psts <- slingPseudotime(sds) %>% %>%
  mutate(cells = rownames(.),
         conditions = df$conditions) %>%
  pivot_longer(starts_with("Lineage"), values_to = "pseudotime", names_to = "lineages")


ggplot(psts, aes(x = pseudotime, fill = conditions)) +
  geom_density(alpha = .5) +
  scale_fill_brewer(type = "qual") +
  facet_wrap(~lineages) +
  theme(legend.position = "bottom")

The pseudotime distributions are identical across conditions for the first lineage but there are clear differences between the two conditions in the second lineage.

Testing for differential progression

To test for differential progression, we use the progressionTest. The test can be run with global = TRUE to test when pooling all lineages, or lineages = TRUE to test every lineage independently, or both. Several tests are implemented in the progressionTest. function. Here, we will use the default, the custom KS test (Smirnov 1939).

prog_res <- progressionTest(sds, conditions = df$conditions, global = TRUE, lineages = TRUE)
lineage statistic p.value
All 6.6652072 0.0000000
1 0.0883114 0.1394018
2 0.4415167 0.0000000

As expected, there is a global difference over all lineages, which is driven by differences of distribution across lineage 2 (i.e. the bottom one).

Differential differentiation

Even though we can fit a common trajectory, it does not mean that the cells will differentiate similarly between the conditions. The first question we can ask is: for a given lineage, are cells equally between the two lineages for the two conditions?


Visualizing differences 2D distributions can be somewhat tricky. However, it is important to note that the sum of all lineage weights should sum to 1. As such, we can only plot the weights for the first lineage.

df$weight_1 <- slingCurveWeights(sds, as.probs = TRUE)[, 1]
ggplot(df, aes(x = weight_1, fill = conditions)) +
  geom_density(alpha = .5) +
  scale_fill_brewer(type = "qual") +
  labs(x = "Curve weight for the first lineage")

The distribution has tri modes, which is very often the case for two lineages: + A weight around 0 represent a cell that is mostly assigned to the other lineage (i.e. lineage 2 here) + A weight around .5 represent a cell that is equally assigned to both lineages, i.e. before the bifurcation. + A weight around 1 represent a cell that is mostly assigned to this lineage (i.e. lineage 1 here)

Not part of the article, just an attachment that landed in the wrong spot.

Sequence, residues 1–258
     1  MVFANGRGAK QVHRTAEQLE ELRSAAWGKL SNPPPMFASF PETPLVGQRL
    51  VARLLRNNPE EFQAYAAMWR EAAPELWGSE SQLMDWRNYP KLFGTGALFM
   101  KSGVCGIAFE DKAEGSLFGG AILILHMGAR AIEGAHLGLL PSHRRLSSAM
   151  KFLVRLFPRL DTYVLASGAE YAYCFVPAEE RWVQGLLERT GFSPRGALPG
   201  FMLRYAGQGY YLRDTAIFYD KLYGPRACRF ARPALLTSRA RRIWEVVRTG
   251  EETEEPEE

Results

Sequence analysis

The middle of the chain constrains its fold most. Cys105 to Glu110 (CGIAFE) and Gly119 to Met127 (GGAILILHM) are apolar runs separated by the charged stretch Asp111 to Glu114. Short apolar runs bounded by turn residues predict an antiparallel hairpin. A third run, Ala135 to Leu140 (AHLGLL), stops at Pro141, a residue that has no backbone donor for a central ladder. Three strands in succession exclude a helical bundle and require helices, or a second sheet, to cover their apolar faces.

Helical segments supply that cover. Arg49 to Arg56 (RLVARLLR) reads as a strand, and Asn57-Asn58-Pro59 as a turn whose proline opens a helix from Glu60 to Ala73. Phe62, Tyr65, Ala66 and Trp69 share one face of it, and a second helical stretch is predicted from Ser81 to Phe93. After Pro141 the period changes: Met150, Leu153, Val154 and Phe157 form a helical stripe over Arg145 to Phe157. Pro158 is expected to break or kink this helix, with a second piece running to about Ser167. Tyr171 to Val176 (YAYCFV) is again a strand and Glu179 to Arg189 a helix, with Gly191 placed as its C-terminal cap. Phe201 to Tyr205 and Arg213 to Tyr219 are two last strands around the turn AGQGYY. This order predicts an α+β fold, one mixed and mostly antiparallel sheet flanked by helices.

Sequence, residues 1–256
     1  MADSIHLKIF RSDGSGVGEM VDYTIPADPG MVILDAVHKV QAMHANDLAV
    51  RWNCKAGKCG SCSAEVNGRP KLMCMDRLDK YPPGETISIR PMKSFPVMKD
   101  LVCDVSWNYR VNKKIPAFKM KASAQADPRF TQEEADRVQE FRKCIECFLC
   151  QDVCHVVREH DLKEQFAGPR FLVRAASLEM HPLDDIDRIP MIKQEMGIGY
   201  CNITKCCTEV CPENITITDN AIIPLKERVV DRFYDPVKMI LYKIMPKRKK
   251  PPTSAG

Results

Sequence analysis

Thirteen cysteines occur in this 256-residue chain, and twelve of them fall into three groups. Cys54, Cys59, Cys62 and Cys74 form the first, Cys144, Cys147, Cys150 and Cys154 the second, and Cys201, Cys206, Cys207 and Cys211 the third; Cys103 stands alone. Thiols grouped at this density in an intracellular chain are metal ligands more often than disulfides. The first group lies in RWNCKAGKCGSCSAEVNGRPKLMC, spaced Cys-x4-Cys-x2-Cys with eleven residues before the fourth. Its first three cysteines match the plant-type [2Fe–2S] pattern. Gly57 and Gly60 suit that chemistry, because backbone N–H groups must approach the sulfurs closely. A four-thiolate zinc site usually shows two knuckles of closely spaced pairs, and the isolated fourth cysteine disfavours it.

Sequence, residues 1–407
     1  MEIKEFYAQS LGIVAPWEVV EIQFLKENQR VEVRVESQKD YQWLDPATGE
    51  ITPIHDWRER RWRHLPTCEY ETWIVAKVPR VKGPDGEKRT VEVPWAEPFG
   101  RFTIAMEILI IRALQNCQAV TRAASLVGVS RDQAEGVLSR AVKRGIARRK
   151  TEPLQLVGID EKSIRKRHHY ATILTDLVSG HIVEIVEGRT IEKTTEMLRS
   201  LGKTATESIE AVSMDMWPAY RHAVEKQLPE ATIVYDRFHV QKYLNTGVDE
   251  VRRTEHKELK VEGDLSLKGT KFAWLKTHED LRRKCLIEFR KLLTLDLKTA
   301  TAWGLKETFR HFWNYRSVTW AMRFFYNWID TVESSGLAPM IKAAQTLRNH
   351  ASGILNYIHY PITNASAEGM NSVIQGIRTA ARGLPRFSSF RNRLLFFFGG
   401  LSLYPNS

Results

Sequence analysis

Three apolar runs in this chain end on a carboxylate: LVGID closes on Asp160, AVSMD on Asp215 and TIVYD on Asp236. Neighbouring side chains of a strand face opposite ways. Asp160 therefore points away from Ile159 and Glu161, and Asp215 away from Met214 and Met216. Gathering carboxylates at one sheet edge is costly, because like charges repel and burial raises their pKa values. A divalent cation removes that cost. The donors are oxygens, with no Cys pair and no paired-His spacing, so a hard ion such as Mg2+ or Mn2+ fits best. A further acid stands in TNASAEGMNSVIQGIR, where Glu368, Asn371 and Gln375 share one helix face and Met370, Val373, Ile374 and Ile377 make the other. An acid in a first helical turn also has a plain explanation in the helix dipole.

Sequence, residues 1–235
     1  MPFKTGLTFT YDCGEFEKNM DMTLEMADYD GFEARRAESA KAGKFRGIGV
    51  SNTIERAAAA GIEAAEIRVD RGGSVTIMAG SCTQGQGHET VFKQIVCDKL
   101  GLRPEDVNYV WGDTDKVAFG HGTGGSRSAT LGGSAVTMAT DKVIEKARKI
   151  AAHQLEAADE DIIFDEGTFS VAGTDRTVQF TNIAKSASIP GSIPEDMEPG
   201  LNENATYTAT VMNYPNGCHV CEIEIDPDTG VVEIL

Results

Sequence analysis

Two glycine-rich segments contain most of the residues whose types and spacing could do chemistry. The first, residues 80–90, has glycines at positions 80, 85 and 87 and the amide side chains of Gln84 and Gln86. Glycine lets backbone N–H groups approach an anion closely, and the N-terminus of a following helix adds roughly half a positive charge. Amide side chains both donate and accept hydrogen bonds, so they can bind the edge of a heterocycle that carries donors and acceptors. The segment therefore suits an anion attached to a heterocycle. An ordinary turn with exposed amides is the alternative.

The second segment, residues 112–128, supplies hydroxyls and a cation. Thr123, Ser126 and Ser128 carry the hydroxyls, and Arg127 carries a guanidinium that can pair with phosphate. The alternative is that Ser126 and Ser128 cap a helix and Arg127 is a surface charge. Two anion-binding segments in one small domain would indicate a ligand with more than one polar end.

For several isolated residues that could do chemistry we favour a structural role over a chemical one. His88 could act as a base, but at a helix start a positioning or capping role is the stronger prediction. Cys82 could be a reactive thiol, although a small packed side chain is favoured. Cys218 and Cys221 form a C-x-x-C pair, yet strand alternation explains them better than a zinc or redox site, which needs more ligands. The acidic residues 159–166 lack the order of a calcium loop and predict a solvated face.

In condition A, we have many more cells with a weight of 0 and, since those are density plots, fewer cells with weights around .5 and 1. Visually, we can guess that cells in condition B differentiate preferentially along lineage 1.

Testing for differential differentiation

To test for differential differentiation, we use the differentiationTest. The test can be run with global = TRUE to test when pooling all pairs of lineages, or pairwise = TRUE to test every pair independently, or both. Here, there is only one pair so the options are equivalent. Several tests are implemented in the differentiationTest. function. Here, we will use the default, the classifier test(Lopez-Paz and Oquab 2016).

dif_res <- differentiationTest(sds, conditions = df$conditions, global = FALSE, pairwise = TRUE)
## note: only 1 unique complexity parameters in default grid. Truncating the grid to 1 .
## Loading required package: lattice
## note: only 1 unique complexity parameters in default grid. Truncating the grid to 1 .
pair statistic p.value
1vs2 0.6116216 0.0004817

As could be guessed from the plot, we have clear differential differentiation.

Differential Expression

The workflow above focus on global differences, looking at broad patterns of differentiation. While this is a necessary first step, gene-level information is also quite meaningful.

To do so requires tradeSeq(Van den Berge et al. 2020) > 1.3.0. Considering that we have a count matrix counts, the basic workflow is:s

sce <- fitGAM(counts = counts, sds = sds, conditions = df$conditions)
cond_genes <- conditionTest(sds)

For more details on fitting the smoothers, we refer users to the tradeSeq website and to the accompanying Bioconductor workshop.


For both of the above procedures, it is important to note that we are making multiple comparisons (in this case, 5). The p-values we obtain from these tests should be corrected for multiple testing, especially for trajectories with a large number of lineages.

That said, trajectory inference is often one of the last computational methods in a very long analysis pipeline (generally including gene-level quantification, gene filtering / feature selection, and dimensionality reduction). Hence, we strongly discourage the reader from putting too much faith in any p-value that comes out of this analysis. Such values may be useful suggestions, indicating particular features or cells for follow-up study, but should generally not be treated as meaningful statistical quantities.